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Five Reasons to Deactivate or Delete Your Facebook Account While Your Divorce Case is Pending

Facebook and Divorce

Facebook® has been hailed by many as the best online social networking service, enabling its users to connect with each other, and instantly exchange messages, post photos and receive and post status updates, with relative ease. However, in the past few years, numerous studies have been conducted showing a correlation between social media and divorce. Presuming that these studies are accurate, your Facebook page—along with Tumblr®, Twitter®, Instagram®, and countless other social media sites— could be one of the most powerful forms of evidence to be used against you during your divorce case. Indeed, the evidentiary effects of social media have been discussed on the JGL Blog. But note, as your Facebook account can be discovery in litigation, do not delete your Facebook or other social media pages prior to consulting with an attorney! Doing so could result in sanctions for destroying evidence.

Additional Reading: Should You Delete Your Social Media Accounts During Divorce or Custody Proceedings? 

After consulting with your attorney, here are five reasons why you should deactivate or delete your Facebook account while your divorce case is pending:


During the discovery process, it is common for a domestic attorney to request that the opposing party produce a complete copy of their Facebook history. What is the opposing counsel looking for? Images or messages that reflect that you are an unfit parent, that you cheated (or are cheating) on your spouse, that you made disparaging comments about your spouse, or even that you confessed your own marital or parenting faults and failures – all of which could be damaging to your domestic case.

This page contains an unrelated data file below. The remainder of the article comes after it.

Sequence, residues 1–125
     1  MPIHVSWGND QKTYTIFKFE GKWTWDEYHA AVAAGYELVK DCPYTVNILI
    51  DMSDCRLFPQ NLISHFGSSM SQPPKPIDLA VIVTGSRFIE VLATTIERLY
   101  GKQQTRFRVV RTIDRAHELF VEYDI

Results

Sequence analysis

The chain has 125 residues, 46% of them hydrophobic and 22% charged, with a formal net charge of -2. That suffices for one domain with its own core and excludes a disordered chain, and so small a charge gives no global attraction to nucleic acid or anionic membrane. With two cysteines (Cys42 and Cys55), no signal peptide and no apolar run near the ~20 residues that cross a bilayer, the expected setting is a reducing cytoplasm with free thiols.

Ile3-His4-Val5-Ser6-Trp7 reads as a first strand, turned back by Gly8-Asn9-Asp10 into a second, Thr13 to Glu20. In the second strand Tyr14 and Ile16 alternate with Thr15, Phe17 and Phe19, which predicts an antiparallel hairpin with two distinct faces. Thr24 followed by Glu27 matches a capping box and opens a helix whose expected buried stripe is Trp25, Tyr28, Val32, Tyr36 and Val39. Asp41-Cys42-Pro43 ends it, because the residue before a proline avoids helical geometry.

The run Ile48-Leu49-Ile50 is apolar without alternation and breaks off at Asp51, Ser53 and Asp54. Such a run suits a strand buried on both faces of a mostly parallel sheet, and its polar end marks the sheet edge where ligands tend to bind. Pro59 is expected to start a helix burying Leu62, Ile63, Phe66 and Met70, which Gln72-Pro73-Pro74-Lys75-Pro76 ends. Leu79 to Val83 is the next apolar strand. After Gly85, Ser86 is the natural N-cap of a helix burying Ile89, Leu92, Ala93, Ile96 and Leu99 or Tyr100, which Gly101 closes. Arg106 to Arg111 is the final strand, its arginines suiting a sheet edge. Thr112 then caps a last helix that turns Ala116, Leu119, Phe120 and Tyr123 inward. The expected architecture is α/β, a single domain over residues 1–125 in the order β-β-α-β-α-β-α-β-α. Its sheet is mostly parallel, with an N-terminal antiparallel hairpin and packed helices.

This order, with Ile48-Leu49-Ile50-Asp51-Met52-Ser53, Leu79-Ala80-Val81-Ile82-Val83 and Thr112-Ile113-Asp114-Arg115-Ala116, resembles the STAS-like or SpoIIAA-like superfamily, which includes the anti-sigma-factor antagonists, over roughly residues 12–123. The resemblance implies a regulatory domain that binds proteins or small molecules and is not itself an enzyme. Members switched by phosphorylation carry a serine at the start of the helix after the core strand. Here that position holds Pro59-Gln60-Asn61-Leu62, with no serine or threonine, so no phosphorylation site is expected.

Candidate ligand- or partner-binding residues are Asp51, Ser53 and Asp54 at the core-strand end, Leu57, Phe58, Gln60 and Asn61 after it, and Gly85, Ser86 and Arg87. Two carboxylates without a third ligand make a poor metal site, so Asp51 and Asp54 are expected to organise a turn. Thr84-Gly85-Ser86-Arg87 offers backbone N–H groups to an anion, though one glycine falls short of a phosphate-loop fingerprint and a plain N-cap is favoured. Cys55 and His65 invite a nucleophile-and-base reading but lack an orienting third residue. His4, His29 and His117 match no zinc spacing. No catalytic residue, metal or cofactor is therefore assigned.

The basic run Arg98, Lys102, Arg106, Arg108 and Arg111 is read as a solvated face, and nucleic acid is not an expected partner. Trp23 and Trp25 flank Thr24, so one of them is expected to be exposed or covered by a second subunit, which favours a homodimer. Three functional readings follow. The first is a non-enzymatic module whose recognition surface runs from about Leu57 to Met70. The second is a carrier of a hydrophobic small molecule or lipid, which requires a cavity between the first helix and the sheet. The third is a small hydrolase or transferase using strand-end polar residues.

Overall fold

Facebook is aware of the potential goldmine of evidence that it holds and even provides the following direction on its Help Center:

Federal law does not allow private parties to obtain account contents (ex: messages, Timeline posts, photos) using subpoenas. See the Stored Communications Act, 18 U.S.C. § 2701 et seq.

Parties to litigation may satisfy party and non-party discovery requirements relating to their Facebook accounts by producing and authenticating the contents of their accounts and by using Facebook’s “Download Your Information” tool, which is accessible through the Settings drop down menu.

If a person cannot access their content, Facebook may, to the extent possible, attempt to restore access to deactivated accounts to allow the person to collect and produce their content, however Facebook cannot restore account content deleted by that person. Facebook preserves account content only in response to a valid law enforcement request.[1]

            Even after you comply with your spouse’s attorney’s discovery request and you produce your Facebook history, keep in mind that you have an ongoing obligation to continue to provide supplemental discovery until the date of your trial. Just because you produced your Facebook history early on in your case does not give you the all-clear to post without consequences from that point forward.